Birdseye by Maire Fisher is part family drama, part coming of age story. Amelia the protagonist, aka Bird, is the youngest child in large family that lives in a small seaside town close to Cape Town. They live in a large mansion, called Marchbanks, which is owned by their grandmother. The somewhat happy, ordinary family spends their family time together listening to their parents, Orville and Annie, telling the story of when they met and fell in love.
Although we get to know the characters early on in the book, the grandmother remains an enigma for most of half the novel. “Ma Bess” who rules the household from the second floor where she lives. A cold person in every sense of the word, who shows no affection towards her child or grandchildren and despises her son in law.
Amelia adores her twin brothers, Oliver and Oscar, and when the twins go missing their family life, although not ideal, is shaken with trauma. Everyone in the family deals with the loss in their own way, except of course Ma Bess – she believe that the twins got what they deserve. Really?
Amelia on the other hand, despite years having passed, still believes that her brothers are still alive. In fact, for years she has kept them alive, in her mind, by writing to them. When new evidence comes to light, Bird makes it her mission to find out the truth.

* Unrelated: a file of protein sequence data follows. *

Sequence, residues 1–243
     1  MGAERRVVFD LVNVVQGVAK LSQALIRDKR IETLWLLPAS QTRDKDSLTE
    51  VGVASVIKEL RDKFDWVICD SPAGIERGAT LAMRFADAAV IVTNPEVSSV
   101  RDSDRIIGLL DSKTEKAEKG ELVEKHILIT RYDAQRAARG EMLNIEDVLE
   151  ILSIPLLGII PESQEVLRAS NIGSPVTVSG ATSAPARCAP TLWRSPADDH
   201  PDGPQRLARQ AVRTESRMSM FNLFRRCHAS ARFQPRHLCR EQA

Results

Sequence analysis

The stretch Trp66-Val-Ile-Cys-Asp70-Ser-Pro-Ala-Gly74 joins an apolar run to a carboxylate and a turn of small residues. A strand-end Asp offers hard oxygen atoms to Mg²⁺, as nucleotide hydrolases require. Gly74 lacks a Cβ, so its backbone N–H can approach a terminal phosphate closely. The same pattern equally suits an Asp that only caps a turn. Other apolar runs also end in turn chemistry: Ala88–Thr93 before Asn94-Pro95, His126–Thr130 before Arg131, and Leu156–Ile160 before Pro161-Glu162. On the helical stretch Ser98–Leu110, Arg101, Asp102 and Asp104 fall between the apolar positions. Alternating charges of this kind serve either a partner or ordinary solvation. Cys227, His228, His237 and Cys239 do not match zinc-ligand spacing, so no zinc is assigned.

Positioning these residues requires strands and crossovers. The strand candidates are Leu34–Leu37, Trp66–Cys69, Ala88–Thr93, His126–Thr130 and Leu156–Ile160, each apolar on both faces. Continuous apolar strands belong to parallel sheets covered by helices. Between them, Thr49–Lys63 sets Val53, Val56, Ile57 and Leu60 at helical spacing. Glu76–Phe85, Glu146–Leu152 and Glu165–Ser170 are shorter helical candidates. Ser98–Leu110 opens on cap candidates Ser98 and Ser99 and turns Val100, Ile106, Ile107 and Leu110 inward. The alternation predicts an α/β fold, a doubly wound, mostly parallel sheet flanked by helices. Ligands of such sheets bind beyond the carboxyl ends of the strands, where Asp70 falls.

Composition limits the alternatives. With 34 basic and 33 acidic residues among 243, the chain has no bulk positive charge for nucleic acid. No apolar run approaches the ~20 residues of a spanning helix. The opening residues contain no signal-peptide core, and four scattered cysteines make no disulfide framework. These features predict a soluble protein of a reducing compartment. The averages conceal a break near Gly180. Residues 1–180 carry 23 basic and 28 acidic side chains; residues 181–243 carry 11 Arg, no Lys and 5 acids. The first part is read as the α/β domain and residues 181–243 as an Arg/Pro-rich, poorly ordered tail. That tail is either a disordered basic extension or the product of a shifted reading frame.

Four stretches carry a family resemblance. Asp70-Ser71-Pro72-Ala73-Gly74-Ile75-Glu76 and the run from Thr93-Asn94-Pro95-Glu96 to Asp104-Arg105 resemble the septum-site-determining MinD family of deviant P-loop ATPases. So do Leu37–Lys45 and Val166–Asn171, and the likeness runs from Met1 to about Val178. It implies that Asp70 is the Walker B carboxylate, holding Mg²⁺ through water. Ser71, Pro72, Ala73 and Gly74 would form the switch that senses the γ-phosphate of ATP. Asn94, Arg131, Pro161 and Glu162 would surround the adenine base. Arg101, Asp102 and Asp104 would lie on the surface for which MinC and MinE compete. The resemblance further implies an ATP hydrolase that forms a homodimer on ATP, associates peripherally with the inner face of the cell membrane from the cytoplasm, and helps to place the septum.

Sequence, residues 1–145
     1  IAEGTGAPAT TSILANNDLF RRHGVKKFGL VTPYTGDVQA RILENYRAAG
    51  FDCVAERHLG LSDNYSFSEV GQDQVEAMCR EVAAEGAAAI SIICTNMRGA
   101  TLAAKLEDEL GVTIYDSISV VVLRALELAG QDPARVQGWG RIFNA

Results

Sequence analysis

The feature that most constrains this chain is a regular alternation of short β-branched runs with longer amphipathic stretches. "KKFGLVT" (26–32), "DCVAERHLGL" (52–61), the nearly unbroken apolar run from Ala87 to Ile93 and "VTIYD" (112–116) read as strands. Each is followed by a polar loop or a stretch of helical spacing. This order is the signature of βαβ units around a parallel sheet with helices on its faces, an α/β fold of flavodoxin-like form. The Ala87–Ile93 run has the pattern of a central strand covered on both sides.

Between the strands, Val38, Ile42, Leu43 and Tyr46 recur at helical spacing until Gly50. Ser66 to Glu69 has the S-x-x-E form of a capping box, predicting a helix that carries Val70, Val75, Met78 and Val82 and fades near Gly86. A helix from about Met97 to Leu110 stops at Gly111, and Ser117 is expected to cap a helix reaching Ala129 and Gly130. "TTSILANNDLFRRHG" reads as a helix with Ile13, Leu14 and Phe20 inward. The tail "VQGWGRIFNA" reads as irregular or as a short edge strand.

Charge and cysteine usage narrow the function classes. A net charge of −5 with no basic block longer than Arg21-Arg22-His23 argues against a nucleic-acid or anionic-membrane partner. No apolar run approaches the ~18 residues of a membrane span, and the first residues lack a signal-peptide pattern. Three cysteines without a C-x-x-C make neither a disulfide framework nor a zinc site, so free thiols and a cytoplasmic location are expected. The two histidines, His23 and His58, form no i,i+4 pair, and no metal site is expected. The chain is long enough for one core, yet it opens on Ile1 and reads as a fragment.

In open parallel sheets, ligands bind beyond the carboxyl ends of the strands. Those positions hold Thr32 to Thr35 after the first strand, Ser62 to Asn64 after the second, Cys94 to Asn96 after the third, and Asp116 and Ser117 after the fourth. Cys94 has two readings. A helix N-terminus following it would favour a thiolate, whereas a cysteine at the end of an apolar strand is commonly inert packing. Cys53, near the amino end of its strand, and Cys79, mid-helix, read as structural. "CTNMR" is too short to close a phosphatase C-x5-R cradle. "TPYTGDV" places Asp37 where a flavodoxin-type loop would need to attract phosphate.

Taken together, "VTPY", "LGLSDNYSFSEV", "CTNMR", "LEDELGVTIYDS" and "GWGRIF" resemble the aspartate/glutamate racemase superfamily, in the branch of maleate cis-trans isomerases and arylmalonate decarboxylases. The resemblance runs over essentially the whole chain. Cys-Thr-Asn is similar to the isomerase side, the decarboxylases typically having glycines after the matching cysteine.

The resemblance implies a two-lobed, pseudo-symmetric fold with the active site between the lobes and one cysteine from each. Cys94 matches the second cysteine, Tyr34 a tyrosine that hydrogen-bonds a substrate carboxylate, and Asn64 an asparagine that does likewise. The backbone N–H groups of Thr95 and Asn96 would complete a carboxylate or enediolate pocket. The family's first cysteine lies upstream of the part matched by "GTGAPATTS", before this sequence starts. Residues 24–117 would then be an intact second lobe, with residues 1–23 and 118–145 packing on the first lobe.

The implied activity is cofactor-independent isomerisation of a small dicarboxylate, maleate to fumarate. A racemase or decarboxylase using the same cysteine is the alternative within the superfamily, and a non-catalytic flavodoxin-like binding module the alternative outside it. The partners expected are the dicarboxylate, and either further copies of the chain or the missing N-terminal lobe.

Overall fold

Amelia is truly a likeable character, in fact the entire family are. Everyone has their place in the book and adds dimension and insight into a family that is struggling to deal with loss and acceptance. However, I’m most definitely excluding the grandmother from my statement about the entire family being likeable. Ma Bess is impossible to like and even harder to understand. How is it that there can be so much hatred in one person? Ma Bess and the secrets behind her psychotic behavior adds a certain “darkness” to the novel and when they come to light, brings a satisfying end to the novel.
The investigation on the twins’ disappearance plays a role in the novel, of course, but as I’ve said in the beginning it’s mostly a family drama/coming of age story. A fast paced story about family, loss, secrets and tragedy that is worth a read.
Disclaimer: I received this book from Randomhouse SA, for review consideration